Sad to say, much of my time in college is spent sitting in a corner listening to what is happening hoping for some small manna of teaching, recently I was in an infertility clinic, and it was a pretty shameful excuse for a teaching exercise. However, as the hours passed I had time to muse a bit about the situations that were being retold in front of me.
1) Some aspects of the NICE guidelines are grossly unfair: Currently couples are eligible for one round of IVF on the NHS, this was intended to reduce the regional variation, however there are various criteria that need to be met for the NHS to pay.One of which is a couple is ineligible for treatment if the male has had a child in a previous relationship. This to me seems grossly unfair to the female partner. Considering that infertility is a rare occasion when you consult and test the couple as a couple, it’s sad that should the problem lie with the woman, she is denied a child of her own because of her partners past. Considering that separation is common in the UK, this will effect many couples and seems to ignore the fact that the man may have little to do with this previous child, let alone his new partner.
2) IVF is not as expensive as I though: Its not cheap, granted, but its about £4000 a cycle at Harley St. I understand that few people have a spare 4 grand, and that multiple rounds will be probably be required, but that still strikes me as a reasonable price when you consider cost of a car (especially new) and other costs of big events (say a wedding). Also, if you participate in egg sharing the price plummets to a few hundred quid, that makes IVF pretty affordable if you’re comfortable with the idea.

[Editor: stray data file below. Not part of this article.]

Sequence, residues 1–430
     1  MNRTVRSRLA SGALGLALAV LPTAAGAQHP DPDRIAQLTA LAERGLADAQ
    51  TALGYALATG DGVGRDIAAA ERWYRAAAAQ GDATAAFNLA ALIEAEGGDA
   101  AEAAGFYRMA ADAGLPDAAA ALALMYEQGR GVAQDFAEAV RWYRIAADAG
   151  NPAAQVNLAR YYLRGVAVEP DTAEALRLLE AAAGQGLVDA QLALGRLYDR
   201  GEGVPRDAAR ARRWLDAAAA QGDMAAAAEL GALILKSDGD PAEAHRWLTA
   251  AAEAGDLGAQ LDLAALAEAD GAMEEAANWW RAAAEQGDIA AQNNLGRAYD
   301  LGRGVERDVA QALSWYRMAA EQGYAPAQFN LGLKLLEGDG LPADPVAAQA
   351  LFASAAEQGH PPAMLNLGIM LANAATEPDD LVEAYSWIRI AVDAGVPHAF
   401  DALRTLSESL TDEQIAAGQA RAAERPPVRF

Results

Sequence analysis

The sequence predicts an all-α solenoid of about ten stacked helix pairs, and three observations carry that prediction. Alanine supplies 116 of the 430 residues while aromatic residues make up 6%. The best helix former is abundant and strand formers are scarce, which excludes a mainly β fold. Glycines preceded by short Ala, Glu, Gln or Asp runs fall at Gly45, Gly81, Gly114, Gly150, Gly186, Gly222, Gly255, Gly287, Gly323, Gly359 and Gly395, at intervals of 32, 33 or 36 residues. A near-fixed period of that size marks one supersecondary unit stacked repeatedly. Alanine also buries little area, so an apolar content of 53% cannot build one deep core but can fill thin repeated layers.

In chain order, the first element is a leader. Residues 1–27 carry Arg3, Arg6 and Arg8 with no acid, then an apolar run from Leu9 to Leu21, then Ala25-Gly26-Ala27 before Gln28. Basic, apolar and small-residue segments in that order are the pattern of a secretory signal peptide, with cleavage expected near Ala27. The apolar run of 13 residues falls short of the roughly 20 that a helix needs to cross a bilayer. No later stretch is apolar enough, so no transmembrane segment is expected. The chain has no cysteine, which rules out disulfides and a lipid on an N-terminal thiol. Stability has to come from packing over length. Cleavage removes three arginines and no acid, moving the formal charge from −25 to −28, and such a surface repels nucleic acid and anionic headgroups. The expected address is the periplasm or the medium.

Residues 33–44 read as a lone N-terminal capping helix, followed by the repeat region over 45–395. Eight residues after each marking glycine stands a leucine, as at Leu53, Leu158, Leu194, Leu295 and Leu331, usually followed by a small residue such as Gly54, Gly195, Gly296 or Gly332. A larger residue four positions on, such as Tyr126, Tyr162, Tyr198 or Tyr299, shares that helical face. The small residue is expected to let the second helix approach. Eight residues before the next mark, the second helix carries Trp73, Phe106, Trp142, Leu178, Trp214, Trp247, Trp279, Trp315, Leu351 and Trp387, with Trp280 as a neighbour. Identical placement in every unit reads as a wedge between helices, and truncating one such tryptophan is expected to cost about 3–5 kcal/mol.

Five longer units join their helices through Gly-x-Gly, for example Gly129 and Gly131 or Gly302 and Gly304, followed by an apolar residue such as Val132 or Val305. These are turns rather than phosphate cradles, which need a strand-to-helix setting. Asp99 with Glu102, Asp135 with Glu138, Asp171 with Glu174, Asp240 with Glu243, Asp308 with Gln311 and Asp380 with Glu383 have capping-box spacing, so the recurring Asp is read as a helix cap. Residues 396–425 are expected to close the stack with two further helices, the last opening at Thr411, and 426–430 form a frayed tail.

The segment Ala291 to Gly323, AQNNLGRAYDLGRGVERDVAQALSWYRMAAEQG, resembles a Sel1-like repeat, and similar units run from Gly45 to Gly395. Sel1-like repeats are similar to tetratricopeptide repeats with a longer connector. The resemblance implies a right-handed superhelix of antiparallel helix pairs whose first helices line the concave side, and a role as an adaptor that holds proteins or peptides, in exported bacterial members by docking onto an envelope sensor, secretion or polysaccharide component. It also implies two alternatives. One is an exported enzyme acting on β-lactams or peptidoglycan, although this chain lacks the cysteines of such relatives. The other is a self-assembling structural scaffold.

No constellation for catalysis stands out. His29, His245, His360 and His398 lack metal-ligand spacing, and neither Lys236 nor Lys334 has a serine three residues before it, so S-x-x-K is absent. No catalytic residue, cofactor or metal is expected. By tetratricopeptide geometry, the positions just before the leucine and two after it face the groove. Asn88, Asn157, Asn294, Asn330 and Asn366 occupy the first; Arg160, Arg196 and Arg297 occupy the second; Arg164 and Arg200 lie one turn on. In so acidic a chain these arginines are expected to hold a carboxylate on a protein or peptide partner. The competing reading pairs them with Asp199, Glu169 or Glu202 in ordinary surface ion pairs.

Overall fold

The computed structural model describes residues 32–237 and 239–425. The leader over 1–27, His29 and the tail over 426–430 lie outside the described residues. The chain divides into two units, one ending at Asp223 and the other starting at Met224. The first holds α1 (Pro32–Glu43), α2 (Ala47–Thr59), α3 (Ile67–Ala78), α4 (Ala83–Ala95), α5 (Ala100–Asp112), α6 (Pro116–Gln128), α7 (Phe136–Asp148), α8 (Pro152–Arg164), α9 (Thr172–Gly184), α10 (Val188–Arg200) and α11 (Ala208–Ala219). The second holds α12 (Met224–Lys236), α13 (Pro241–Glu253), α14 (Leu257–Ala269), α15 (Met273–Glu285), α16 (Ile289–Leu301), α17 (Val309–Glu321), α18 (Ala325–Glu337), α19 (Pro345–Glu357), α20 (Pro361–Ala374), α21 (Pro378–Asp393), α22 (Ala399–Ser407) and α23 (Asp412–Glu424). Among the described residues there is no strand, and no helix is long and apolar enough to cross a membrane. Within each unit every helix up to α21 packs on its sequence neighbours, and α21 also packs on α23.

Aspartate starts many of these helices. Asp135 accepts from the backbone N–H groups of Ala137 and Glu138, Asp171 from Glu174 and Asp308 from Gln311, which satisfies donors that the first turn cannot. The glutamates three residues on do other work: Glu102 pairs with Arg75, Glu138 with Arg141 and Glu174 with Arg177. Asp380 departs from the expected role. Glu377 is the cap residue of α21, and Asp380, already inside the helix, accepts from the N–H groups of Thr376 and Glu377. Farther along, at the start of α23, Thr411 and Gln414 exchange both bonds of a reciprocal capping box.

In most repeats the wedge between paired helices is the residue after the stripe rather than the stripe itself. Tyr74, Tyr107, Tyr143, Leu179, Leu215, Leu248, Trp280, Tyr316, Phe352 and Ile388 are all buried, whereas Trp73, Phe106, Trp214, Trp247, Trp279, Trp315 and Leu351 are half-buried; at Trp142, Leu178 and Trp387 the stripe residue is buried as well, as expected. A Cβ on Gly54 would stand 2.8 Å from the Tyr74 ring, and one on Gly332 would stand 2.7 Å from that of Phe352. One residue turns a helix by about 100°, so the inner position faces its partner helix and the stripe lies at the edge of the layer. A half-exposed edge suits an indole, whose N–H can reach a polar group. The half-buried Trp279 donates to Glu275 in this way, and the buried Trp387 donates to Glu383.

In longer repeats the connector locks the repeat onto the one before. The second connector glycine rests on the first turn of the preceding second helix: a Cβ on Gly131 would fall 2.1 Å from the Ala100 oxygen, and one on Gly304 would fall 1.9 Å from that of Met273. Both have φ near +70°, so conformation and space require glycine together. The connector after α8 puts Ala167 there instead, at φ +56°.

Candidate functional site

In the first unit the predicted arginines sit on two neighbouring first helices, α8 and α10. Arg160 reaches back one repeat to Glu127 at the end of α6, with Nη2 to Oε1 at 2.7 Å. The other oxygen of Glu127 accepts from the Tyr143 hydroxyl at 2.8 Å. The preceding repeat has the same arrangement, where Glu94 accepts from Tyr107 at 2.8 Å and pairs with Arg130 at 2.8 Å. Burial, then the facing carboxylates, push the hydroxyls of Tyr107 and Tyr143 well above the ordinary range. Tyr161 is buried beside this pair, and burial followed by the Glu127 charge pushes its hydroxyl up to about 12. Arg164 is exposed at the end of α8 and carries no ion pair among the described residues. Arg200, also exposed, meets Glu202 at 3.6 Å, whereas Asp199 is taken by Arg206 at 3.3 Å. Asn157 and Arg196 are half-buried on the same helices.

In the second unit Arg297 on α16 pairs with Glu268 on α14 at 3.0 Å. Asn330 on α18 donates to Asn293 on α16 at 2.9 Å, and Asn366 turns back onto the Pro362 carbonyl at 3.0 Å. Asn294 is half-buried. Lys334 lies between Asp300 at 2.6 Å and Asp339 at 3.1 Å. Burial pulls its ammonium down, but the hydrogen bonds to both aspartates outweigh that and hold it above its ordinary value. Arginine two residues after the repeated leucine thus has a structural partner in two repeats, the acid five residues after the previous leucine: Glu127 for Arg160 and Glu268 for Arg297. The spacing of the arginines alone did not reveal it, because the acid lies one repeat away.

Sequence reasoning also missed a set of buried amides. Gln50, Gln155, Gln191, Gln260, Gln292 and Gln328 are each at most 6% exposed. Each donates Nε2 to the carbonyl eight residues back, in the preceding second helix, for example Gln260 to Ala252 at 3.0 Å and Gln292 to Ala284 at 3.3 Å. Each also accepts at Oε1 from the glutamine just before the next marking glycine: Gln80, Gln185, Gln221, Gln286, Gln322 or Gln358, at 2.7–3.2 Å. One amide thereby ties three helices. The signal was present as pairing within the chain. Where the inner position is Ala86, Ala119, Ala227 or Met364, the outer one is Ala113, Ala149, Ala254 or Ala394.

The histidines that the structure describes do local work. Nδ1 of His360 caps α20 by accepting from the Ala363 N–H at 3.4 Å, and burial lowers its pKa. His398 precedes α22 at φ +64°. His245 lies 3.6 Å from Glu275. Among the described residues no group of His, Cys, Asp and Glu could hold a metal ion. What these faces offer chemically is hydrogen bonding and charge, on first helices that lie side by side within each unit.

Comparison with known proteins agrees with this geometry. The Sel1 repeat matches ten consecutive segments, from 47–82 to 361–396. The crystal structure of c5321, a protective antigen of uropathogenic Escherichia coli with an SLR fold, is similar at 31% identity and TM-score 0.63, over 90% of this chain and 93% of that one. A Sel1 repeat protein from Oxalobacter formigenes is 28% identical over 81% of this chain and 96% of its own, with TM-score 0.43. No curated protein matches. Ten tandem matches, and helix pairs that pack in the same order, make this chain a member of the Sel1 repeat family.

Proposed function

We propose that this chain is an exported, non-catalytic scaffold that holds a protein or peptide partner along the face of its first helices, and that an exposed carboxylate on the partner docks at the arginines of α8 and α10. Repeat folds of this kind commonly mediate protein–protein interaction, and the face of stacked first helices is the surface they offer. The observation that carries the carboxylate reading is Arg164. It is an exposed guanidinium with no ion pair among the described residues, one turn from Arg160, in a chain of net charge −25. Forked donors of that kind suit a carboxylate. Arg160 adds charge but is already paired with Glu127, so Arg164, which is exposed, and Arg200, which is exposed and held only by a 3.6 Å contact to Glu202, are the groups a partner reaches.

3) Some people are hopelessly naive about the cost of children: The clinic illustrated that I am terrible of judging BMI or the area I was in has serious weight issues and that I’ve become normalised to people being overweight and judge the obese as “ech, you’re not that fat”. The obesity epidemic is a pubic health problem as much as a personal one and requires interventions from all areas, and I know losing weight is hard. High BMI has effects on fertility (and exacerbates other problems) and increases complications in pregnancy for both the fetus and the mother, so losing weight is of great benefit. Its also a requirement for eligibility for IVF, and other treatments to help with conception, either to increase the likelihood of success or reduce complication risks. Yet, several of the women I saw were obese, and on being told of the need to lose weight gave costs and time constraints as a hindrance to losing weight. I know it costs to lose weight, but so does having children, even the target of being clinically overweight seemed an impossible task for these women, and didn’t appreciate the recommendation of gym membership, but I couldn’t help think that while weight loss regimes are costly in time and money, maybe the cost isn’t much greater than the costs of a child and is a really good idea.
Infertility is a problem that effects many couples, and it clearly effects both members deeply, and these were the things I was thinking about on the ride home. Generally I approve of NICE guidelines, but the denying IVF to new couples because of children from previous relationships seems terribly unfair and old fashioned, and people need to lose weight, and maybe councils should make their gym facilities affordable.